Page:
As she cried, my heart cried with her.
For her loss of her Love…
For the loneliness in her life now…
For her desire to be near him again…
Somewhere inside me, I began to see my mother for the first time. The past disappointments and frustrations I felt through the years didn’t really matter. Love began to vibrate for this woman that bore me and introduced me so imperfectly to the world. I saw, instead, God’s beloved daughter. My natural fatherly instincts began to take over. As the song ended, and before we began to applaud, I kissed her on the forehead, as I would my own daughter.

Before I moved to Florida, I wrote four blogs in which I suggested the need for me to be redeemed to my heritage, and my heritage redeemed to me.
God is doing just that…

Liturgy for A Political Divide…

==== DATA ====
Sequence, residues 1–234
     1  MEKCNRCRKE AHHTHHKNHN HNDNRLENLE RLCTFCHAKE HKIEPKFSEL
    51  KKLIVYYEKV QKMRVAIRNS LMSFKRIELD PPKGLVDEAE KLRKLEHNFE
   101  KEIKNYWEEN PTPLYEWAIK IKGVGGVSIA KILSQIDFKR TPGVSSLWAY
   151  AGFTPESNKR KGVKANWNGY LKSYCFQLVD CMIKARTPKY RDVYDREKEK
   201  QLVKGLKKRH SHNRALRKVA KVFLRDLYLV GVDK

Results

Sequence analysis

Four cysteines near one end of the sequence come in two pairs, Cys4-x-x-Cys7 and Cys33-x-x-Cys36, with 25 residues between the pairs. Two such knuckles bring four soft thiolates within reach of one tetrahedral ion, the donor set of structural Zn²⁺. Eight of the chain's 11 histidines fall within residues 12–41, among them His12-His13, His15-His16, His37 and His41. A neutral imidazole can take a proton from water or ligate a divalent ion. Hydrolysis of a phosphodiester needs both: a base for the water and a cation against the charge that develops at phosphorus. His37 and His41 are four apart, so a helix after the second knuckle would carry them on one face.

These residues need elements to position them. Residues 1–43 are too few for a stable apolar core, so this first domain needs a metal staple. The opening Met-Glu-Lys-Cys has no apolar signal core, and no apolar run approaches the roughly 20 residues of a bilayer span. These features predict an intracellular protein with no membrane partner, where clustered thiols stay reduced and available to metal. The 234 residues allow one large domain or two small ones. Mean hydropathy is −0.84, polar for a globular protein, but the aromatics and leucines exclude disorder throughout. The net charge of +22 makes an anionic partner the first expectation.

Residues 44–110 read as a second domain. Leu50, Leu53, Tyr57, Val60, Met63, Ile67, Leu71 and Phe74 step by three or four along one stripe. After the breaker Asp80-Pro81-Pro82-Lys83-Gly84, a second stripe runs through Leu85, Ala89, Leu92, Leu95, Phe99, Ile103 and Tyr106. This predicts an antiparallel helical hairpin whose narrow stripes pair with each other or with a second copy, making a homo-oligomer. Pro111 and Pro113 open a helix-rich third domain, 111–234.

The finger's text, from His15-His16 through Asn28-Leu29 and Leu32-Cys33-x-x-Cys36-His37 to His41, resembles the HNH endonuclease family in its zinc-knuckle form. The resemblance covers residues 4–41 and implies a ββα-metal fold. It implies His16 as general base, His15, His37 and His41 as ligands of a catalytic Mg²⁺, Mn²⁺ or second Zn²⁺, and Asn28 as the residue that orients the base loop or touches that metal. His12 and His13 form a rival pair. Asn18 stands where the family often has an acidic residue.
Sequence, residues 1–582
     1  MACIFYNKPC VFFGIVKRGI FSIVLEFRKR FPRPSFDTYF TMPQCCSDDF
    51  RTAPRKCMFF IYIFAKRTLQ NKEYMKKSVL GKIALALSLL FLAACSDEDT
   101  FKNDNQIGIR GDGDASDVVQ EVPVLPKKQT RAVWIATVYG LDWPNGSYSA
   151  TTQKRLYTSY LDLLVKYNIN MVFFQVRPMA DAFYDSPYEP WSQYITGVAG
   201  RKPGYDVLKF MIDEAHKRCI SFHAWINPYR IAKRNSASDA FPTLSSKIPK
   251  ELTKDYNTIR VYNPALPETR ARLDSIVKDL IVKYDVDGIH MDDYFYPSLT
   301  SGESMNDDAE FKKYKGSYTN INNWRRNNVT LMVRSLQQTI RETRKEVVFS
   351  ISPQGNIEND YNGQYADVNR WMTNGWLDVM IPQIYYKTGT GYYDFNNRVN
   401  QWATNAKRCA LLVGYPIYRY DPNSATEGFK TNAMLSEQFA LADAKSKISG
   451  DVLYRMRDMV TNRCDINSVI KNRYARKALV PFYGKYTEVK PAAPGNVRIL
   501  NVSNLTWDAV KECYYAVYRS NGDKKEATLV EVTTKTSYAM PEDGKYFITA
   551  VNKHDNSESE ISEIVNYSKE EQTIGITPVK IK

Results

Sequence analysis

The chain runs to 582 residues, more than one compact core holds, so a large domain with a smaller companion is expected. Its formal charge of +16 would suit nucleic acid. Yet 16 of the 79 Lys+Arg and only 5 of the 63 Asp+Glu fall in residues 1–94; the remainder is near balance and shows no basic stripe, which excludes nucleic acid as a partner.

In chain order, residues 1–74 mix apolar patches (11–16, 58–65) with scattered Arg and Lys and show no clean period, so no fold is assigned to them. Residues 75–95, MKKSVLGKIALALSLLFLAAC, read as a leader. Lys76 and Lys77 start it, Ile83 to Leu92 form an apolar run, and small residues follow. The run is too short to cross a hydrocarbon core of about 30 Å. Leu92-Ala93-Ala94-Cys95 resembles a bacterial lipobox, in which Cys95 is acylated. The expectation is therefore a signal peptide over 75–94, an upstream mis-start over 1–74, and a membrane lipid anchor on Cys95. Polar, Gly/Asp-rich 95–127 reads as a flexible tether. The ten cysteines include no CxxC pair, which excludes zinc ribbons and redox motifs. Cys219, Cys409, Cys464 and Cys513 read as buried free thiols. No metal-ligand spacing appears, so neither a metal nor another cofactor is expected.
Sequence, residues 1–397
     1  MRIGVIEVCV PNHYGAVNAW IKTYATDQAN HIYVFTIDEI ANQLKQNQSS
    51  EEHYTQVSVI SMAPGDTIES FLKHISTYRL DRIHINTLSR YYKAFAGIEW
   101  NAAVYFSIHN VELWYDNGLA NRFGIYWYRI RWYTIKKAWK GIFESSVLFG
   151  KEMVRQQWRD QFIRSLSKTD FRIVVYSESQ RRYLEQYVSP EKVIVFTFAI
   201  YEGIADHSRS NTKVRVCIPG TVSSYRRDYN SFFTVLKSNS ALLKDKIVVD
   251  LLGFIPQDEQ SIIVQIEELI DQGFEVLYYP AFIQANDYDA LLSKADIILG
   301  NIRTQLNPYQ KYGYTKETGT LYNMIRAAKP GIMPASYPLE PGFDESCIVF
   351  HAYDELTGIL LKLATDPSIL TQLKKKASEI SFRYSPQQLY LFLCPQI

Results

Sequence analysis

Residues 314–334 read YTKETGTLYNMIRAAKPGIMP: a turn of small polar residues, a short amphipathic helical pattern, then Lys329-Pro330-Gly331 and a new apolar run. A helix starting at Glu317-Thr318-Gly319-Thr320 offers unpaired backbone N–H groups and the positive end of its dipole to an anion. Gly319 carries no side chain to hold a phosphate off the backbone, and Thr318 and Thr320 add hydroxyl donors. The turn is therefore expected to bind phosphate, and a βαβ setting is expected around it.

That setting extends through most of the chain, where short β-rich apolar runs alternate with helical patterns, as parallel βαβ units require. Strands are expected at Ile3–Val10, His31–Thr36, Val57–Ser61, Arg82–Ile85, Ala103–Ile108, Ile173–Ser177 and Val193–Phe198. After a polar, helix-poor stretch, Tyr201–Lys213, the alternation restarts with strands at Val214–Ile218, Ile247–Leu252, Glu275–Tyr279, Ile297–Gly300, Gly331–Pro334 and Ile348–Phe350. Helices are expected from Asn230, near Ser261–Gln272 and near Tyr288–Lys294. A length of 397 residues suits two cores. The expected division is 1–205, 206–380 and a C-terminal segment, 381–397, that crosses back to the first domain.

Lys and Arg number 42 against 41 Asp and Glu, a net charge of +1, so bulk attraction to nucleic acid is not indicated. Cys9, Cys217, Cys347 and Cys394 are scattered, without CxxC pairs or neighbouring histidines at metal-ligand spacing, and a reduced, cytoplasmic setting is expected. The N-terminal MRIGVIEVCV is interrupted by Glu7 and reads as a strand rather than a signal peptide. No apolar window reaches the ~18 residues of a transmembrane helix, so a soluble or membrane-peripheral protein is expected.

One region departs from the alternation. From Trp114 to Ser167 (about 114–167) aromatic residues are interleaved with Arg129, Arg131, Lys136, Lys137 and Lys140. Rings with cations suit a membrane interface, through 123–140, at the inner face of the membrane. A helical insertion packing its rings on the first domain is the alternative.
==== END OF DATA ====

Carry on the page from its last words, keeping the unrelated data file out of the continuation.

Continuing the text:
I just returned from the Face 2 Face component of my online seminary program at George Fox Evangelical Seminary in Portland, Oregon. Part of the program entails travelling to the seminary campus in Portland, for a more traditional classroom setting. This occurs each semester, and allows us to come together with the members of our cohort, meet the professor and online coordinator, and other members of the seminary community. Face 2 Face is always the highlight of each semester. The document below, was written for a class I am taking: Christian Ministry for Reconciliation. The class is about the process of reconciliation; whether it be in a marriage, racial divides, societal issues, gender issues, or whatever division needing reconciliation. The document below was drafted by myself and two classmates for an assignment which required us to draft a liturgy for a public worship service. My group had to choose the issue needing reconciliation, and then create the liturgy. Our group chose the issue of reconciliation between political parties after a national election. My group was compiled of three men. Two of us came from denominational traditions which had little experience designing liturgy, and one member from a tradition which frequently does use liturgy. Derek, designed the liturgy, while John wrote the statement from the winning party, and I wrote the statement from the losing party. While I didn’t vote for the candidate which lost the recent presidential election, I found it quite helpful to have to put myself in the place of the opposing side. In fact, I think it very helpful in working towards political unity, at least a functional unity with a commitment to choose active engagement with the other side in order to come to practical consensus leading to effective governance, in order to be forced to consider the other side’s position and “place”. In other words, to put myself in the shoes of the other guy/gal. Actually, in the reconciliation of a marriage, one of the important parts in the process is to understand how our choices, actions, and beliefs affect the other person.